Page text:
For coffee lovers like Laura and myself, no trip to Seattle would be complete without a pilgrimage to Starbucks. Down at the city’s famous farmer’s market, the retail giant still maintains the very first store it opened (pictured above). The progenitor Starbucks shop sold coffee, pastries and spices. You won’t find spices there anymore. The king of caffeine finds it more profitable to peddle Starbucks-branded kitsch to a stream of tourists so endless that they line up outside and, to prevent overcrowding in the hole-in-a-wall shop, are waved through in twos and threes.
As Starbucks has grown into a globe-straddling enterprise, it experiments with new concepts. You can get a feel for the company’s new directions by visiting the Starbucks Reserve complex on Pike Street (pictured below). Don’t be surprised if some of these retail ideas appear in a shopping center near you.
Half the space at Starbucks Reserve is taken up by the gleaming machinery that roasts the beans and does whatever else the company does to make its coffee taste so good. The processing equipment provides a colorful backdrop for the mayhem that takes place in a massive retail space. Never have I seen a Starbucks store so large and packed with so many people.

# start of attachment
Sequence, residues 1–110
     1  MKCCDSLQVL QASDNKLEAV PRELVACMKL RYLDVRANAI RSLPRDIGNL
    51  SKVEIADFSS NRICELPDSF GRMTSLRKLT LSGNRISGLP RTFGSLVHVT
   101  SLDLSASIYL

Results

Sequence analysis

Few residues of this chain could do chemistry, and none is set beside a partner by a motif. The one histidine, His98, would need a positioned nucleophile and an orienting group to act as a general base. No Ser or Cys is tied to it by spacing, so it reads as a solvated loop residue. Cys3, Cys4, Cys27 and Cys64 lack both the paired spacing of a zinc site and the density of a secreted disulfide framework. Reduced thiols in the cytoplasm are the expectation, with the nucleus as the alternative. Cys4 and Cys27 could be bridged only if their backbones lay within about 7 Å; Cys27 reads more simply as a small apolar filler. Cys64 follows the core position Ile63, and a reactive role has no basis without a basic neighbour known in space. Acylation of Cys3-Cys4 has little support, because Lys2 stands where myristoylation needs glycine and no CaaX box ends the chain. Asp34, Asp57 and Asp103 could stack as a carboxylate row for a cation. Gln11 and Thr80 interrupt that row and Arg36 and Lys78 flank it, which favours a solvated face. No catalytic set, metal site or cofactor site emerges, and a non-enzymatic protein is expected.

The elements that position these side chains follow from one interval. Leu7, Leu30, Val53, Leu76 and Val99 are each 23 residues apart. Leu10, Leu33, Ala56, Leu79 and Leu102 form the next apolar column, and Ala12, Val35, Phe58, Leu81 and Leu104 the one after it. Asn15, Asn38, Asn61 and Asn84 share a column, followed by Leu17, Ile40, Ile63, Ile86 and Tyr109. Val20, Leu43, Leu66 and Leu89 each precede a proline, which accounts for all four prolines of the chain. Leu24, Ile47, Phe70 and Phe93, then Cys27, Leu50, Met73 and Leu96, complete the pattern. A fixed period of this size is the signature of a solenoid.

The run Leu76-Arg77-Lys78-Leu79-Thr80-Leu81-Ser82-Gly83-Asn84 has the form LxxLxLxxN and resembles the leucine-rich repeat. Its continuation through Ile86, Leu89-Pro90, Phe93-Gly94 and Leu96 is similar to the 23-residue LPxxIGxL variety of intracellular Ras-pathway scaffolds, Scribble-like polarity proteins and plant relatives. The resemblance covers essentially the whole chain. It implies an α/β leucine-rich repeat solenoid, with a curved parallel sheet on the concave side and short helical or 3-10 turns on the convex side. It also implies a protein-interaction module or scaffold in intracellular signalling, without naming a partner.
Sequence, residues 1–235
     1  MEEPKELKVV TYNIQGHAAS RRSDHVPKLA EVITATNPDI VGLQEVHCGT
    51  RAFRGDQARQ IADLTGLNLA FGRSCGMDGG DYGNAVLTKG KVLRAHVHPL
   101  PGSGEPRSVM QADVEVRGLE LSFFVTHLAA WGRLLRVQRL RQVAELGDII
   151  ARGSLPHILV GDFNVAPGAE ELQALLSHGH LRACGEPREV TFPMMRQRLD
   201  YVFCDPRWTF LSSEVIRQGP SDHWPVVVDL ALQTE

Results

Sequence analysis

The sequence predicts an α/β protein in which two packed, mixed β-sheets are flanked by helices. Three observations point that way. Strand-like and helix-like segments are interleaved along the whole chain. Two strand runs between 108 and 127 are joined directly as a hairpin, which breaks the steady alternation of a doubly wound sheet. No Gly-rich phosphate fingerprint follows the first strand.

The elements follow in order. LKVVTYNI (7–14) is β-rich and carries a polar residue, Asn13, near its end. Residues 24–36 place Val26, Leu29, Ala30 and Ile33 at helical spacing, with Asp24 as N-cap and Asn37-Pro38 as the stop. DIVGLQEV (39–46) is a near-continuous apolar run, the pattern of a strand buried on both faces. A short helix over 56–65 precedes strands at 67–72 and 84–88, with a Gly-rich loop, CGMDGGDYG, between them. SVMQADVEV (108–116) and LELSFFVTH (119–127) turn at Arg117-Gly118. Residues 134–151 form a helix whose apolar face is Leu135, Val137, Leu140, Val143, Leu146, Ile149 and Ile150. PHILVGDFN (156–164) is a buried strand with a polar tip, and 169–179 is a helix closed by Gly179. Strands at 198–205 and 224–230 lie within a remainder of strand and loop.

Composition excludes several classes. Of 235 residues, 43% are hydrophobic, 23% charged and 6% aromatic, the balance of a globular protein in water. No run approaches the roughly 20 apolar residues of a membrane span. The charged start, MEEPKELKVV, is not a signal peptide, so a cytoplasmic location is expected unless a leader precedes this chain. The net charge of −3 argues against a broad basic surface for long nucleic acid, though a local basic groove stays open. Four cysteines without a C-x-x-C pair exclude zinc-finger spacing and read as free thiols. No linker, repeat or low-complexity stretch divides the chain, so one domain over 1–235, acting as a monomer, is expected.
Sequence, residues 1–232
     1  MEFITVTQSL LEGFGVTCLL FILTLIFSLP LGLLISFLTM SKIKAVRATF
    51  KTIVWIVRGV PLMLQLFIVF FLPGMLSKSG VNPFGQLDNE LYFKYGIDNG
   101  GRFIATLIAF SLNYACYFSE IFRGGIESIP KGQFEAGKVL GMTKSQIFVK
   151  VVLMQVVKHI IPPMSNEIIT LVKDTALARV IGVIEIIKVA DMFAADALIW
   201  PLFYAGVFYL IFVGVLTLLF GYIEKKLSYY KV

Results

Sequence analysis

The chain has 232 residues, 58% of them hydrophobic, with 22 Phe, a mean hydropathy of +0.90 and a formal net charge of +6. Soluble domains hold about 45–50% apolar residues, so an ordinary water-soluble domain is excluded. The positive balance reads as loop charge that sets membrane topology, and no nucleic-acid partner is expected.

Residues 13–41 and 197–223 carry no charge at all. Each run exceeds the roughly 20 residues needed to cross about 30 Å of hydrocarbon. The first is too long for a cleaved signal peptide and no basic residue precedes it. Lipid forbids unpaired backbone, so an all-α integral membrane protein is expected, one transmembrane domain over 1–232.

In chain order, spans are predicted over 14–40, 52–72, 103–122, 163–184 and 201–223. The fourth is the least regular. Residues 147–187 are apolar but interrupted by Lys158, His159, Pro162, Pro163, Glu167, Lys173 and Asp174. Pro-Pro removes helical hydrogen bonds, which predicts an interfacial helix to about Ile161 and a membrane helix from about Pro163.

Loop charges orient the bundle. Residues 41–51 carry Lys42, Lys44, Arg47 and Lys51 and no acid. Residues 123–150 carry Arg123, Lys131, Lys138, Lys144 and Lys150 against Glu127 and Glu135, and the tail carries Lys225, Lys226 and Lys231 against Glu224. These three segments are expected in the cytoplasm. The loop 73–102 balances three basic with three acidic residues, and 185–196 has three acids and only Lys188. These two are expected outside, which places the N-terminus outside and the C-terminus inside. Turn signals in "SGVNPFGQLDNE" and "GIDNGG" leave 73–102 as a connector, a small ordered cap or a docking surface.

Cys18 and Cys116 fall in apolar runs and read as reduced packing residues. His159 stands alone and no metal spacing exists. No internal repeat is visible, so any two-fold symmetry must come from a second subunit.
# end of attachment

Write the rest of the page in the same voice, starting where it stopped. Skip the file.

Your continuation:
Among many features, there’s a bakery…
I will say, the almond croissants were tasty.
And a bar…
Starbucks, it appears, is partnering with Knob Creek, the bourbon distiller. Knob Creek products were displayed prominently.
If you thought $2 for a cup of java was crazy, just wait. In another Starbucks innovation, you can buy a “flight” of gourmet coffees served in tiny, espresso-sized cups for an absurd price.
Not surprisingly, Starbucks Reserve has set aside considerable space for the kitsch — the t-shirts, the coffee mugs, the gourmet home-brewing sets, and all the rest. Now that Starbucks is a global brand, apparently there is no limit to the stuff that people will buy if it is emblazoned with the Starbucks logo.There are currently no comments highlighted.